Tuesday, April 1, 2008

The West's skepticism

By Sabria S. Jawhar
Saudi Gazette
WESTERN media have reacted skeptically to King Abdullah’s plans to convene an inter-Faith conference that will include Jews, Christians and Muslims. By contrast international religious leaders have responded warmly, if not cautiously.

The secular Western press seems to believe there are ulterior motives for the King’s plans. There have been articles that the King wants to lull the West into a false sense of security in an effort to protect the Kingdom’s oil production along with other internal issues.

I forgive Westerners for their ignorance and applaud non-Muslim religious leaders for embracing the King’s objectives. Predictably the West is mixing politics and religion. I thought the Western media would hail the King’s plan and not criticize it. I’m troubled that it’s not possible to give Saudi Arabia the benefit of the doubt.

Think about it. When the king of a country that has Islam’s two holiest places adored and respected by all the Muslims of the world, doesn’t the call for inter-Faith dialogue from that land deserve exploring, if not adopting and promoting it?

Western media have shown little inkling to understand Saudi society and what it takes to move its people to demonstrate tolerance towards other religions. I am not talking about Islam, because the Qur’an is very clear that Jews and Christians are People of the Book and are our brothers and sisters.

But the Israeli occupation and destruction of Palestine and continuing abuses heaped on Muslims in the form of wars and economic sanctions have many Westerners confusing religion with politics. And the same goes for Muslims in which we view world events through a political prism, forgetting that Islam is a religion of peace and tolerance.

We should focus on the advantage of this call for dialogue for the West and not just for Muslims. Those who claim that this is a move to address the Kingdom’s internal issues are forgetting that Saudi Arabia has already established a program to train Imams to study other religions. Is that some kind of public relations effort? No, we are not talking about NGOs implementing programs to address the issue of tolerance but the head of a state. In contrast, what have Western leaders done?

But Western journalists are forgetting several very important developments that led to the King’s decision to create dialogue. First, and this goes back to 2002, is the Arab Peace Plan to normalize relations with Israel in exchange for establishing Israel’s pre-1967 borders. Second is the King’s surprise visit to the Vatican last year to meet with Pope Benedict. Although we are not privy to the conversations between the Pope and the King, it appears that there was an agreement to pursue plans for an inter-faith dialogue conference.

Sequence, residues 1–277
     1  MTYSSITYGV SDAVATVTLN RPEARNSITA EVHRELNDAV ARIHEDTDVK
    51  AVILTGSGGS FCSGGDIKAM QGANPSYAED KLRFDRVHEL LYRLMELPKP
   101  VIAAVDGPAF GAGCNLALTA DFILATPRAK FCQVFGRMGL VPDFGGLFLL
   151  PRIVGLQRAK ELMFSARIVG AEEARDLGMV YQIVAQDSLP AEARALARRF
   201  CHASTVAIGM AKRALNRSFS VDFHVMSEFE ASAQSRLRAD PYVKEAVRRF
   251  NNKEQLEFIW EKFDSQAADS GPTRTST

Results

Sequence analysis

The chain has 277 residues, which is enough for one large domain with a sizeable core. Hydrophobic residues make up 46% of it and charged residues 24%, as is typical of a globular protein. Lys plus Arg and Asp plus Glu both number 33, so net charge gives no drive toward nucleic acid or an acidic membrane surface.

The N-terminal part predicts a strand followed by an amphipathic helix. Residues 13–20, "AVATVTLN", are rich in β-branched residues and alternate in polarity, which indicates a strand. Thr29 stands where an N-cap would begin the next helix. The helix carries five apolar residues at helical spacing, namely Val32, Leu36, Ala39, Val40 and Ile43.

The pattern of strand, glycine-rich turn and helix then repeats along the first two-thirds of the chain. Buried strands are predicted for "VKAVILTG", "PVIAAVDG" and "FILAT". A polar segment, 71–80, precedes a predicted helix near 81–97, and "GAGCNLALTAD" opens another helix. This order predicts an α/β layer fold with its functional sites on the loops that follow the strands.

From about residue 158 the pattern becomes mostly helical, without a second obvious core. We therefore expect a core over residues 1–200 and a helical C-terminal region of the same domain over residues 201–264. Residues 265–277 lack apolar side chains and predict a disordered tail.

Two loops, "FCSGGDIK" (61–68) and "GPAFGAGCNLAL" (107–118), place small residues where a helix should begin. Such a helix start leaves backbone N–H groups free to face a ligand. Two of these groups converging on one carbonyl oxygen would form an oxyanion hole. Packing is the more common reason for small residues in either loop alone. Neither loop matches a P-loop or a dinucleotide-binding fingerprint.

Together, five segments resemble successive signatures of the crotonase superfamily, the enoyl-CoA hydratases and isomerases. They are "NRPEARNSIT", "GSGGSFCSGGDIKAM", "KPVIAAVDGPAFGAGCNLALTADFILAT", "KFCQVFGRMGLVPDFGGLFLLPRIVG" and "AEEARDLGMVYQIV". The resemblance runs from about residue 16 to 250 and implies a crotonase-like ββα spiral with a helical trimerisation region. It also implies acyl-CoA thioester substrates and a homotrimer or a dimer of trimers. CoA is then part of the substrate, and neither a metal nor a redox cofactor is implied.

I don’t deny there are practical concerns as well. Saudi Arabia is now a member of the World Trade Organization and there have been accelerated efforts to attract foreign business to our country, not to mention attempts to become a country that does more than produce oil. We certainly have to move more aggressively in establishing stronger relationships with other religions.

This has been a course charted since 9/11. And it’s a course that Saudis have been following. But the West is so very impatient with its short attention span. The Western media is like a child sucking on a piece of candy. When the candy is gone the child immediately wants another one without thinking about that tummy ache ahead.

The media want quick fixes and when those quick fixes don’t come, it becomes suspicious and skeptical about the fix when it’s finally offered. It’s odd that after all the abuse that has been heaped on Saudi Arabia since 9/11, that Western countries have been so silent about this dramatic announcement by the King. Let’s not kid ourselves.

It’s a major step for Saudi Arabia to invite Christians and Jews to a worldwide conference in which the whole world will be watching. And the road to accomplish that task won’t be easy. Admittedly, we have a conservative segment of our society who will not embrace these efforts, but for some reason the West is not prepared to give the King credit for this courageous step.

It’s kind of like the conservatives in the West demanding every 15 minutes that Muslims condemn terrorism. But when we condemn terrorism every minute of every day, no one pays attention. Our critics demand that Saudi Arabia demonstrate tolerance towards all religions. When we do, no one pays attention.

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